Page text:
In the glory days before the War Between the States, Chinaberry was one of the grandest plantations along the Mississippi, and Julia was the apple of her doting father’s eye. Growing up alone with no playmates close at hand, young slave Darby became her fast friend and he was eventually *given* to Julia, and the two remained devoted friends until the actions of an evil man force Darby to flee Chinaberry.
No, I’m not spoiling, because as the book opens it is told in alternating periods of Before and After, and right at the first chapter you are seeing Darby returning 20+ years later with his partner/friend Travis. You know he ran away, the question is why did he run away? In After, Darby and Travis have purchased a large ranch in California, but before they set down roots Darby feels the need to return to Chinaberry and close the ties he left behind. The Before section is set in 1848 and recounts the events leading up to Darby’s escape, and then the story switches to what the men find when they arrive at Chinaberry – has it survived the ravages of war? Is Julia really the mad witch the locals think she is?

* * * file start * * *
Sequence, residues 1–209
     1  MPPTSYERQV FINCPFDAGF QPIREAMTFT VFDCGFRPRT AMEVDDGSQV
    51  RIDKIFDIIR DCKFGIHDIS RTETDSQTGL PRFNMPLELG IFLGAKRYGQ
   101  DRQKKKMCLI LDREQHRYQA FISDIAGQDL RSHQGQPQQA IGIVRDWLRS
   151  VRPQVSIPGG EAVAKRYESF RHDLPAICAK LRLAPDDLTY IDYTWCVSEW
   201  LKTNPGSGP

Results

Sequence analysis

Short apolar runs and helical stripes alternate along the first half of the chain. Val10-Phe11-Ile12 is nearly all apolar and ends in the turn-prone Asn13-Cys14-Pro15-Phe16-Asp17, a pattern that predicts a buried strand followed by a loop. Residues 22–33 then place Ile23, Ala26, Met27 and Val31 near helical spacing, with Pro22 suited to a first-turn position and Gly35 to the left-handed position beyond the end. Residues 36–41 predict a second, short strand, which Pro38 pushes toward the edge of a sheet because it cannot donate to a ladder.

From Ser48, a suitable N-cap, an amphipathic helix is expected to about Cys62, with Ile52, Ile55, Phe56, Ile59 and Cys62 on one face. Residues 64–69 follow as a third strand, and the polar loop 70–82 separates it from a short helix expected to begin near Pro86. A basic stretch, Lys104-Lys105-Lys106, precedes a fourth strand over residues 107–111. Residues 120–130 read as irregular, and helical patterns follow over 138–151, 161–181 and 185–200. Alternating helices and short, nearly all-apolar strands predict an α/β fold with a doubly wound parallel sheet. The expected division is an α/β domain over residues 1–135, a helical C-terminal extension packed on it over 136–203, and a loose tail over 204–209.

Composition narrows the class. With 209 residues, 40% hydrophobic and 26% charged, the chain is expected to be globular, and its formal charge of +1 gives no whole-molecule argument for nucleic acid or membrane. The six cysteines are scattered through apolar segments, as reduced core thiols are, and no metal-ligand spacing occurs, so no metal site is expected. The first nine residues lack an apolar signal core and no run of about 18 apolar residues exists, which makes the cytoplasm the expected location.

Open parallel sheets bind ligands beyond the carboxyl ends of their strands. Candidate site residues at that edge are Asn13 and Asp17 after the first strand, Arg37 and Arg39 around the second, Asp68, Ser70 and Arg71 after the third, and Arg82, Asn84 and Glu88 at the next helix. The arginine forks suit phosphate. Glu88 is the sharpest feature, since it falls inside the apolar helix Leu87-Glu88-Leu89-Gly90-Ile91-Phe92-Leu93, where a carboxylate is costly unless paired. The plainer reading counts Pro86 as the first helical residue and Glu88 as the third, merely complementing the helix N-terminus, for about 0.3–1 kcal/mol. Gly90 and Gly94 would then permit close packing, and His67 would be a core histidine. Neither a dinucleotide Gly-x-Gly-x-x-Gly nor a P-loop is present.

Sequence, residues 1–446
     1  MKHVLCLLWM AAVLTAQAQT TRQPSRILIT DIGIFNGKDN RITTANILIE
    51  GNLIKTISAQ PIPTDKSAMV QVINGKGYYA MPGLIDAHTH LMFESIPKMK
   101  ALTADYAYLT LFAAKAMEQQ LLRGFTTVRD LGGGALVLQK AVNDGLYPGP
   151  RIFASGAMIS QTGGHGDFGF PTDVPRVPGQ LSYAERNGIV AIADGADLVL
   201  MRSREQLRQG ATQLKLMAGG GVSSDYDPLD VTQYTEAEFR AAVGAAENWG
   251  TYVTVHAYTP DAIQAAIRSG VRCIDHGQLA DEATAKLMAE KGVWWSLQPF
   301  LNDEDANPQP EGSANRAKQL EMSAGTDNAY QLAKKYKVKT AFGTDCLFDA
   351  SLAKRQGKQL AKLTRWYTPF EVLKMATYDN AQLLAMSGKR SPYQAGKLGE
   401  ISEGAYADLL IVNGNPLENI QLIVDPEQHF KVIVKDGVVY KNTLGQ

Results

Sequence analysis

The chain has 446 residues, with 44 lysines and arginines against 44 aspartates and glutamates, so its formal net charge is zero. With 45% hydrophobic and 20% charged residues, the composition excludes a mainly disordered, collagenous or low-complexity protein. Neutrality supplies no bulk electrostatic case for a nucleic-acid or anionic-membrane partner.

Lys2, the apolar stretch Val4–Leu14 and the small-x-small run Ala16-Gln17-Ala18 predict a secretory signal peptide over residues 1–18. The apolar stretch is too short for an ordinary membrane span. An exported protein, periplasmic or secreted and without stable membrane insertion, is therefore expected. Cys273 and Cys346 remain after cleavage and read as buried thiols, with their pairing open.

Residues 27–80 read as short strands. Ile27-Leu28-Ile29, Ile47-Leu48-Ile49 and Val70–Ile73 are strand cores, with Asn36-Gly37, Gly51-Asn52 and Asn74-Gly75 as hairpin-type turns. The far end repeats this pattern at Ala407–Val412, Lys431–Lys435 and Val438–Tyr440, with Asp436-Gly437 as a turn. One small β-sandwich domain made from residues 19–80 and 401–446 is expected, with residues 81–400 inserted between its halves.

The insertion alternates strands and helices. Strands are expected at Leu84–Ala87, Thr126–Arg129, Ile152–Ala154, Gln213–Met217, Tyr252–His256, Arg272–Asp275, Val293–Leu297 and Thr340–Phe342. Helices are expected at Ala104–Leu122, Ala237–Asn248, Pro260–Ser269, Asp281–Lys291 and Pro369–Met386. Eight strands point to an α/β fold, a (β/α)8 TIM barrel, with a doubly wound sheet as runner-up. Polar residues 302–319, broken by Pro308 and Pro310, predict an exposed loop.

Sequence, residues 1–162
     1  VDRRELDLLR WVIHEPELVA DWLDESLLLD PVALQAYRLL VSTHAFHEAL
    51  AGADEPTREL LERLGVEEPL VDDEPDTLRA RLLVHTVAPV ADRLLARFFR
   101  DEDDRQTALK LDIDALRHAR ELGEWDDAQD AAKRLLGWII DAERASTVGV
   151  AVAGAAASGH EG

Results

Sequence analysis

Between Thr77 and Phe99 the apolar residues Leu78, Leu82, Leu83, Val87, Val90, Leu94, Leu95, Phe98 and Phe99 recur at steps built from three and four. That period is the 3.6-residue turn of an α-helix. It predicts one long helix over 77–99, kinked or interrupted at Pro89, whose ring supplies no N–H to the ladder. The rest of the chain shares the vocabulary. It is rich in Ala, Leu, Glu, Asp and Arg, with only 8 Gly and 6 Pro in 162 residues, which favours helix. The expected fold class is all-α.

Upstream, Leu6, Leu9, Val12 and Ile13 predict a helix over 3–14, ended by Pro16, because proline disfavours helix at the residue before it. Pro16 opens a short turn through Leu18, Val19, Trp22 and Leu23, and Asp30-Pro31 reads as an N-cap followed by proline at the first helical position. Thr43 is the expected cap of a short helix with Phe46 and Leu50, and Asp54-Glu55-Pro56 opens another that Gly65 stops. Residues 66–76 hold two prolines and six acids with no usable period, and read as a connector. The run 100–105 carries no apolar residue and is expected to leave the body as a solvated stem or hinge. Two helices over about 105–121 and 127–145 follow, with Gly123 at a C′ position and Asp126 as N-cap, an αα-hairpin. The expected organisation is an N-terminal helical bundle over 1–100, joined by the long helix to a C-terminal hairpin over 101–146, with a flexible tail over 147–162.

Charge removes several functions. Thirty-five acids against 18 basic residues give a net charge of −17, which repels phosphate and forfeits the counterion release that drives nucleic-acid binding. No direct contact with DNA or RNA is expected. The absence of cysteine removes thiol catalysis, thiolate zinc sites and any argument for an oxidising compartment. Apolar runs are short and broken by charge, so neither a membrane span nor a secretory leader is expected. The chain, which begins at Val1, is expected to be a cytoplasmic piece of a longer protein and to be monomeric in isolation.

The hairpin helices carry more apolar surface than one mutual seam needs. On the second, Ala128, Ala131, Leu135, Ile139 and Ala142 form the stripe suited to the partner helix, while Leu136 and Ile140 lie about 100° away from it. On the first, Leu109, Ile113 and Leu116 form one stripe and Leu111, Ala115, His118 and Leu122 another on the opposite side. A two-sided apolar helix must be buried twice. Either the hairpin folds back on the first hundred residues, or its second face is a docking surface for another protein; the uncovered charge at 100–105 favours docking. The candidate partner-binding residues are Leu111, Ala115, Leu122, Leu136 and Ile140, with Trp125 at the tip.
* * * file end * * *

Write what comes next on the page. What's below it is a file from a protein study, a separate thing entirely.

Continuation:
This really is one of those too hard to try to explain what happens without giving it all away kind of books, and I’m not going there (I have better things to do today). What I will tell you is that despite the very lurid description on the back cover, this is not a smutty book at all. There was very little sex, and what there was pretty much over with in a page or two – so if you’re looking for smut keep on looking. This is a hard book to rate, since it did keep me turning the pages, but in the end I really didn’t feel a strong connection for any of the characters. I would recommend this for those interested in a closer look at the underside of plantation life, but do be warned – this book was written in 1976 and long before we became so terribly politically correct. There are no punches pulled in this book and that includes liberal use of the “n” word, and this book is not going to suit every reader. Plantation buffs will likely enjoy this, but if you like your books on the fluffy side I suggest you give it a miss. 3.5/5 stars.